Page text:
Victoria-based artist Colton Hash is the inaugural recipient of an Artist-in-Residence program announced today by the Faculty of Fine Arts and Ocean Networks Canada (ONC), a UVic initiative. The new ONC residency will strengthen connections between art and science, and broaden perspectives on major issues ranging from technology and the environment to biodiversity and healthy communities.
Colton Hash with his full-size sculpture of an adolescent female orca (photo: Ashton Sciacallo)
A recent graduate of UVic’s combined undergraduate program in Visual Arts and computer science, Hash was selected for the residency from a field of nearly 70 local, national and international applicants. He will hold the position from November 2018 to March 2019 and, following his residency, will provide a public exhibition of the resulting body of work.
“I see this as a great opportunity to collaborate with ocean scientists and experiment with digital media to communicate some of the dynamic processes that play a critical role in coastal waters,” says Hash.
“Whether it’s how a kelp forest responds to climate change or how the thawing of frozen methane affects sediment stability of submarine slopes, I hope I can use interactive art to inspire viewers to care more about what is happening beneath the ocean’s surface.”
Hash has built his artistic practice on the integration of environmental knowledge through visual art and computer programming in order to communicate concepts related to ecosystems and climate change. A short film of his interactive sculptural installation, “Resonant Disintegration” (with projected visualizations of climate data and underwater recordings of shipping traffic), won the two top awards at the Research Reels contest during UVic’s Ideafest in 2018, and was recently remounted at Victoria’s Flux Media Gallery in October during the Antimatter Media + Art Festival. His work was also featured in UVic’s KnowlEDGE news feature in March 2018.
Colton Hash with his “Resonant Disintegration” sculpture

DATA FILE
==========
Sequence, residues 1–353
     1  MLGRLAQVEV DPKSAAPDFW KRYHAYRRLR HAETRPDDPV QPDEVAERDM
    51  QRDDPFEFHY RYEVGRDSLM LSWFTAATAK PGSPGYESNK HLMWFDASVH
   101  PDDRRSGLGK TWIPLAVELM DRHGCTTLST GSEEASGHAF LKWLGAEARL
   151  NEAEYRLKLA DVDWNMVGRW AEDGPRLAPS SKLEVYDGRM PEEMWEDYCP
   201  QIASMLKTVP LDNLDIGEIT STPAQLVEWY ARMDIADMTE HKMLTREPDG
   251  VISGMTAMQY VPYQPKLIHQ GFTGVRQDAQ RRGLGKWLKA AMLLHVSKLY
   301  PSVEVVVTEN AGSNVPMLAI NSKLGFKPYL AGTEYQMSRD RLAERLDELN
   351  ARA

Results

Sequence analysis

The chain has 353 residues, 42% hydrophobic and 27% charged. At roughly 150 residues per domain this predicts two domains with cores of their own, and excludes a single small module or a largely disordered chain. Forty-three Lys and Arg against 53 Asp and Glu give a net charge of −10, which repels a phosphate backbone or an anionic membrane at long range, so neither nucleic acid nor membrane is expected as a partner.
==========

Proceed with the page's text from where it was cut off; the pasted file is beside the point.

“The ecological challenges we face are complex and hard to be understood through science alone,” he adds. “People are being flooded with scientific data and intellectual analysis of what is wrong with the world, without having time to process what it means to them on deeper, more personal levels. Art can create spaces for people to reflect emotionally, spiritually and intuitively on our relationships with nature.”
While in the position, Hash will interact with UVic fine arts faculty members and ONC scientists, as well as other individuals using ONC’s world-leading ocean facilities. He intends to develop an interactive digital media installation that allows the public to explore and emotionally connect with ocean systems.
“Ocean Networks Canada is looking forward to collaborating with Colton,” says ONC chief scientist Dr. Kim Juniper. “We’re excited to see what his use of ocean data will produce to convey marine conservation and global change in his art.”
Welcome the fall breezes with this special Faculty Chamber Music concert on Saturday, October 13. Wind and Song will highlight the School of Music’s brass, woodwind and voice faculty, along with some special guests, with a bold and surprising lineup of pieces.
From duos to large chamber works, the diverse and entertaining program features Fisher Tull’s Concerto da Camera for alto saxophone and brass quintet, Sonatine en trio by Florent Schmitt, James Barnes’ Divertissement, Op. 50 for brass quintet, and Partita in G by Don Sweete. Tenor Benjamin Butterfield will also sing a few favourites from the songbook of contemporary American composer Randy Newman, including “Marie” and “Lonely At The Top.”